Second 24 h: 05:48

22% of sleep disturbances

caused by therapeutic
interventions, 13% staff noise.
Conrmed in interviews.
4050% sleep during the day

5, surgical

24 h postoperative

First 24 h:
Stage 3: 0.7
Stage 4: 0.1
Second 24 h:
Stage 3: 14
Stage 4: 4.5
Not stated

First 24 h:
Second 24 h:

Johns et al. (1974)


First 24 h:
Stage 1: 49
Stage 2: 41
Second 24 h:
Stage 1: 32
Stage 2: 43
Not stated

Four patients
had none,
one patient
had nine

Large variability between

and within patients
medications and frequent
interventions postulated as
most likely to cause sleep

All mechanically ventilated,

three groups: intermittent
sedation (IS), continuous
sedation (CS) and
neuromuscular blocking
agent (NMBA/CS). More
ARDS and higher severity
of illness NMBA/CS group
No. of patients receiving
mechanical ventilation
and sedative agents not
provided. Observation
and interview over a
48 h period
Four patients mechanically
ventilated. Sleep recorded
pre-op and several weeks
post-op. Used palmar skin
resistance instead of EMG
with EOG and EEG. R and
K criteria not usedcounted
no. of EEG waves exceeding
40 mV

Table 2
Overnight polysomnography (PSG) in ICU patients.
Author (s) (Year)

Number of
patients and
ICU context

Total sleep
time (h)

Stages 1 and 2
(approx. %)

Stages 3 and 4 REM

(approx. %)
(approx. %)

Factors affecting sleep and

other results


Aaron et al. (1996)




Stage 1: 14
Stage 2: 43

Mean arousals 19/h mean sound

peaks (>80 dB)/h 19

Alexopoulou et al. (2007)

Clinical trial
(cross-over study)


Not stated


(medians reported)

Protocol A:
PAVhigh: 12
PShigh 10
Protocol B:
PAVhigh: 4
PShigh: 2
Stage 3 and 4:

Protocol A:
PAVhigh: 1
PShigh none
Protocol B:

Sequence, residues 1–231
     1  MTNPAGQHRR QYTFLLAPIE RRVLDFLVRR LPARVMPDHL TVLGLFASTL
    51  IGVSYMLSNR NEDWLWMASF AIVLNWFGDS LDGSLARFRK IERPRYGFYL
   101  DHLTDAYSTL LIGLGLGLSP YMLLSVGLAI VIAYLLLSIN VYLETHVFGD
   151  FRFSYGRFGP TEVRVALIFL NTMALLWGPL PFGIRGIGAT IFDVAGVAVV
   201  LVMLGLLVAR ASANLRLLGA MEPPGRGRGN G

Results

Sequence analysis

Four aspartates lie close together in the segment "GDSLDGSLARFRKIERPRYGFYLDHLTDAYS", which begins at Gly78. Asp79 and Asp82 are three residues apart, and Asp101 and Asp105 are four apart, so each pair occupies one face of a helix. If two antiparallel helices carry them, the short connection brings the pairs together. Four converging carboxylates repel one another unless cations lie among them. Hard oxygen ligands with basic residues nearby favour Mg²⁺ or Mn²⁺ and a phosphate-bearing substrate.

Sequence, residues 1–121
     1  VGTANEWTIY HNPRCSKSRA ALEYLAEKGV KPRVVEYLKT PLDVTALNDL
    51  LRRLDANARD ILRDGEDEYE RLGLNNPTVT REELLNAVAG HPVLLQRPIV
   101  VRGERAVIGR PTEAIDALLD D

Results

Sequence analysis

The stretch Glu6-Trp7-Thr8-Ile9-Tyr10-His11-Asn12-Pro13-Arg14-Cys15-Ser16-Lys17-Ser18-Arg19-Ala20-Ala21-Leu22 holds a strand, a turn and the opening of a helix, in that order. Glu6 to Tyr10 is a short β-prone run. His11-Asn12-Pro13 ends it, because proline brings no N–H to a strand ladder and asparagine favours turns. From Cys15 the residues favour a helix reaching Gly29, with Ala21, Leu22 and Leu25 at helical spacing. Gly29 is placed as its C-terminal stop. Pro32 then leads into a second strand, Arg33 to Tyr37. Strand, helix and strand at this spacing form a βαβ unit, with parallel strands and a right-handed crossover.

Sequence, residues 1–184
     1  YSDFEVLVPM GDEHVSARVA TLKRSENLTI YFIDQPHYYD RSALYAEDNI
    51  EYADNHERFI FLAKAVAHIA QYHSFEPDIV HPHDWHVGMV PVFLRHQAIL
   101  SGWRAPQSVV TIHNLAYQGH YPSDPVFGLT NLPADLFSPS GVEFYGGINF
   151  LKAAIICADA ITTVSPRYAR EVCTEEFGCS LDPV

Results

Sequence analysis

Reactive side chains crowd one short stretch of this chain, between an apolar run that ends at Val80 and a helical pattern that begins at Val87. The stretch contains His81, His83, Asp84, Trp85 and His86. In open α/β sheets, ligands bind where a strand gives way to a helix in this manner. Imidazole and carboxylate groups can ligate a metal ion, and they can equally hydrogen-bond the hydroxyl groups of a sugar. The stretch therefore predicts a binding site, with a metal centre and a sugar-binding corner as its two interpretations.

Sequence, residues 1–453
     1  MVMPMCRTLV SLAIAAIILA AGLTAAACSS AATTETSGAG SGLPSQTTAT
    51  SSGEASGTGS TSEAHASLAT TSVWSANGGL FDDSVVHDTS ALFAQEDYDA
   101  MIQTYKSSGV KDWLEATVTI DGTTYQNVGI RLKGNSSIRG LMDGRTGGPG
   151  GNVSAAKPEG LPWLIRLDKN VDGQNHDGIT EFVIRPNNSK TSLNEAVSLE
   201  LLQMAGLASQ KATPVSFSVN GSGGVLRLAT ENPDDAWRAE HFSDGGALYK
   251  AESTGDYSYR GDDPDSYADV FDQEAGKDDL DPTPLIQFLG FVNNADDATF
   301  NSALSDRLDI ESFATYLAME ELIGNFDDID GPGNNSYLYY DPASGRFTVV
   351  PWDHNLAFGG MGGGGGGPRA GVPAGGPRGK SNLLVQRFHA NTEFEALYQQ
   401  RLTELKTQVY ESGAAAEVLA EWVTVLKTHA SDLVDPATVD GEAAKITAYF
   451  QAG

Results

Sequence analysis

PAVhigh: 2
PShigh 20

Protocol A: 47/h
Protocol B: 812/h
Periodic breathing associated
with increased sleep disruption

Beecroft et al. (2008)


Protocol A:
PAVhigh: 87
PShigh 90
Protocol B:
PAVhigh: 94
PShigh: 78
Stage 1:
Stage 2:

One patient received non-invasive

ventilation. Three patients received light
Environmental noise an important
determinant of sleep disruption
PAV+ versus PS (cross-over in three patients)
Protocol A: sedated with propofol 21:00
07:00 h
Protocol B: non-sedated 23:0006:00
Level of support/settings affects sleep

Lightly sedated and mechanically ventilated

Arousals 12/h
Simultaneous PSG and actigraphy recording.
Actigraphy/nurse assessment
Nurses blinded to PSG
grossly overestimated TST.
Correlation poor between PSG and Overnight 19:0006:00 h (812 h

R. Elliott et al. / International Journal of Nursing Studies 48 (2011) 384400

Author (s) (Year)


13, Med/surg

PAV: 05:34
PSV: 05:14

Not stated

Not stated

Not stated

PAV: 16/h
PSV: 9/h
Patient-ventilator asynchrony
associated with arousals

Broughton and
Baron (1978)

12, Cardiology





20, SEI 78
Angina lead to sleep disruption

Cabello et al. (2008)

Clinical trial
(18 h recording)

Stage 1: 8
Stage 2: 63



Arousals and awakenings: 29/h

Respiratory events <10% of sleep
Ventilator mode was not a
primary inuencing factor sleep
disruption. SEI 43
Hallucinations and vivid dreams
GBS group: stage 1: GBS group: 14 GBS group: 12
19, general
GBS group during
Controls: 29
Controls: 14
associated with increased muscle
hallucinations 03:40 25 stage 2: 49
tone during REM sleep.
Controls stage 1:
(controls 04:56)
Alternative methods of staging
14 stage 2: 43
REM sleep were used
20, Trauma
Mean awakenings 32 moderate to
strong correlation between nurse
observer and PSG. Care activities
disturbed sleep although the
association was not investigated
Not observed Observed in four Six patients developed apnoeas
Actual values not
11, medical
AC: 01:30
during PSV but none during assistin any patients patients
PSA: 01:15
control (ACV or PSD better than
Only 1 patient